Supreme Court Alok Verma case hearing: Dushyant Dave argues that Nageshwar Rao's posting as interim CBI chief be set aside

CBI director Alok Verma — who was divested of all duties by the Centre and sent on leave following charges of corruption against him — told the Supreme Court on Thursday that he was appointed for a fixed tenure of two years and that he cannot even be transferred without an approval from the selection committee. Verma had been sent on leave along with CBI Special Director Rakesh Asthana following their public feud wherein Asthana had accused him of accepting a bribe in a case related to meat exporter Moin Qureshi.

Challenging the government's decision, senior advocate Fali Nariman, who was representing Verma, said that Verma was appointed on 1 February, 2017 and "the position of law is that there will be a fixed tenure of two years and this gentleman cannot be even transferred". Nariman referred to the terms and conditions of appointment and removal of the CBI director and concerned provisions of the Delhi Special Police Establishment (DSPE) Act, 1946.

File photo of CBI director Alok Verma. Getty Images

File photo of CBI director Alok Verma. Getty Images

Dushyant Dave, the counsel for the NGO Common Cause took over. Dave mentioned, "What you can't do directly cannot be done indirectly," in context of the government issuing a leave order instead of a transfer order to Verma.

Stressing on the fact that a third party cannot interfere in the functioning of the CBI, Dave said, "Selection committee alone has been entrusted both by Your Lordships and the Parliament to take such an action. Hence, this present order falls foul of rule of law." He also added that for the same reason, appointment of M Nageshwar Rao as interim director of CBI should also be set aside.

Common Cause has challenged the central government's decision to send Verma on leave. Dave made submissions on the scheme brought in by the Vineet Narain judgment for appointment and transfer of the CBI director and the necessity of the same. "In matters of discipline, CVC has no role to play," he told the court.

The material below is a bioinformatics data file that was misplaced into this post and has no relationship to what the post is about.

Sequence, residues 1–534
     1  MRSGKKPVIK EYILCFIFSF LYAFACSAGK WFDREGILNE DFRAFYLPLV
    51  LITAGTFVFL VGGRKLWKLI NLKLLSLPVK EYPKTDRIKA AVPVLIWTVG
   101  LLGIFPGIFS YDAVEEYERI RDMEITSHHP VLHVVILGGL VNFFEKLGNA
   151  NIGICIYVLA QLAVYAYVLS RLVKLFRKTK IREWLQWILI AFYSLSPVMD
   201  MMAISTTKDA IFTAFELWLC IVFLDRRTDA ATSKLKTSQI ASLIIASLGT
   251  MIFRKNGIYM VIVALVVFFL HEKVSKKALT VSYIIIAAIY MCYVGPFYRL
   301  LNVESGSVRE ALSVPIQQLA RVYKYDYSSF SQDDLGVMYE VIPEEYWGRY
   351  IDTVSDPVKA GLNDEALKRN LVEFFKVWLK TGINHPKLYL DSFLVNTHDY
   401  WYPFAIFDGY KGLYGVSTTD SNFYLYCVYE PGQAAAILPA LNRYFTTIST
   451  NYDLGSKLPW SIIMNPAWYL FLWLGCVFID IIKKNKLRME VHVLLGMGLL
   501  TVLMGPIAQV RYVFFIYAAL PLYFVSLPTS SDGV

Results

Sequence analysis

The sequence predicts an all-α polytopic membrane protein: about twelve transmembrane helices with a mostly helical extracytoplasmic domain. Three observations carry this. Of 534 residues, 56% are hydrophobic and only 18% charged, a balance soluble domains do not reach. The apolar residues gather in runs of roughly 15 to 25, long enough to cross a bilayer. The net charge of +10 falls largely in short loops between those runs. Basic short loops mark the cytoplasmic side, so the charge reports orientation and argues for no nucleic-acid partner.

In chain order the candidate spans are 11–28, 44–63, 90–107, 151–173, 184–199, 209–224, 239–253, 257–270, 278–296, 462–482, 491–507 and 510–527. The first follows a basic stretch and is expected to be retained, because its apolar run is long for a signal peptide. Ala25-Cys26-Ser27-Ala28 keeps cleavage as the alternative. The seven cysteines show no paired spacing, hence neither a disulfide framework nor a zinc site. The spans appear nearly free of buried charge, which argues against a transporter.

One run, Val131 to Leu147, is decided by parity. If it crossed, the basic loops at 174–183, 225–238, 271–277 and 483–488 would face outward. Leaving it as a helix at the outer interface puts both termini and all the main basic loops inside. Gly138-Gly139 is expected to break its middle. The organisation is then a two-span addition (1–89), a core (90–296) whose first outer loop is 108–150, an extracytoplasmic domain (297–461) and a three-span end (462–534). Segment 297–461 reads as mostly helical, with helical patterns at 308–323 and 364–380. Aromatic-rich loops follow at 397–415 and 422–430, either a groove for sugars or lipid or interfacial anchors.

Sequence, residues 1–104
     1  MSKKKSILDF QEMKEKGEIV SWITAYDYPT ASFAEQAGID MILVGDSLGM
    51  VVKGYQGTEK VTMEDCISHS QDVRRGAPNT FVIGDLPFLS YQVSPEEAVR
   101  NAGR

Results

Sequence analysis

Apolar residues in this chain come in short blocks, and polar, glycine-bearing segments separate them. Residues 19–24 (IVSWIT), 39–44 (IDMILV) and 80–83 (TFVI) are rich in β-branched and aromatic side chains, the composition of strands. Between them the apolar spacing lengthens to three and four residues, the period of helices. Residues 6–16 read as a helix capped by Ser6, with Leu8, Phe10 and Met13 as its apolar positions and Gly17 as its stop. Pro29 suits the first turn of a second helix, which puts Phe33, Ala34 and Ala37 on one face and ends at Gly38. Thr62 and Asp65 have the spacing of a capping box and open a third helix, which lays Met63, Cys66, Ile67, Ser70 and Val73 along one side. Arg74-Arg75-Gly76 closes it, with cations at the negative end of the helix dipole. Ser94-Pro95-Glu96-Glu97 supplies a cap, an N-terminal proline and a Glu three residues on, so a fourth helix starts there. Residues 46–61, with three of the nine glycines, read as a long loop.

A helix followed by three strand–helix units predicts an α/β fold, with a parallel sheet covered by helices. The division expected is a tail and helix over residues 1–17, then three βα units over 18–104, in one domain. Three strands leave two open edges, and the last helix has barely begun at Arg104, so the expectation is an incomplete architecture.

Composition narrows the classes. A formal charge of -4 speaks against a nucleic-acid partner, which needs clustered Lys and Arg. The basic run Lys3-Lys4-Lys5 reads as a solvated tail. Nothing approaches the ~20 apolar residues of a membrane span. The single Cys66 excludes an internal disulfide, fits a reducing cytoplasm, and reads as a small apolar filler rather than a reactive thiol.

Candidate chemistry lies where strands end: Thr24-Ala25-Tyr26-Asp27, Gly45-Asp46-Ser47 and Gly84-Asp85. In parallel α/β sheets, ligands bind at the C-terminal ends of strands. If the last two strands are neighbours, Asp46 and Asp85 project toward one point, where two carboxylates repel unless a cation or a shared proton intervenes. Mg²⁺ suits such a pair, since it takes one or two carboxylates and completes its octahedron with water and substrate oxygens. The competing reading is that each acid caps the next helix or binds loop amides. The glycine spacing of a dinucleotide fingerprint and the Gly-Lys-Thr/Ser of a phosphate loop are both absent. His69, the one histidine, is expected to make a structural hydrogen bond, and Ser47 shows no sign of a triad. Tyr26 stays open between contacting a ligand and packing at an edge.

Earlier, the court while hearing Verma's plea seeking his reinstation in the agency, discussed the issue pertaining to media publication of materials which have been filed in court for a sub-judice matter.

Nariman referred to the Sahara judgment in this context considering that during the last hearing, the apex court has expressed dismay regarding publication of Verma's response to the Central Vigilance Commission (CVC).

Nariman said that the view in the Sahara judgment was that the media cannot be prohibited from publishing material which has been filed in court as he urged the top court to frame some guidelines or a circular regarding publication of court materials by the media. Nariman said that that it may not have been appropriate to have Sinha's petition to get published even before it was listed before the court.

However later, the court let go of this matter and moved on to the main issue of Verma's plea. Nariman then citing Vineet Narain's case regarding the appointment, functioning and the independence of the CBI officers, advanced his arguments to question the government's decision. Nariman said that the transfer of the CBI director should have been approved by the selection committee, referring to the aims and objectives of the CVC Act, 2003. "Stripping of charges is equivalent to transfer," Nariman said in court. "It is not that he cannot be transferred; He can be but it should be with the consent of the Committee.... If this is allowed, what happens to the autonomy and independence of the CBI," he asked. "The leave order will not stand without permission from the committee.... If there is any proposal to clip his wings, consent ought to have been taken from the committee," Nariman remarked.

Nariman submitted that the with effect from 2014, the appointment of the CBI director is to be done by a selection committee consisting the prime minister, the leader of the Opposition or the single largest party and the Chief Justice of India (CJI). Justice KM Joseph at this point asked Nariman: "What if the director is caught red-handed taking a bribe?" To which, Nariman replied saying, " Write immediately to the committee."

With inputs from agencies, Live Law and Bar and Bench

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Updated Date: Nov 29, 2018 14:37:44 IST

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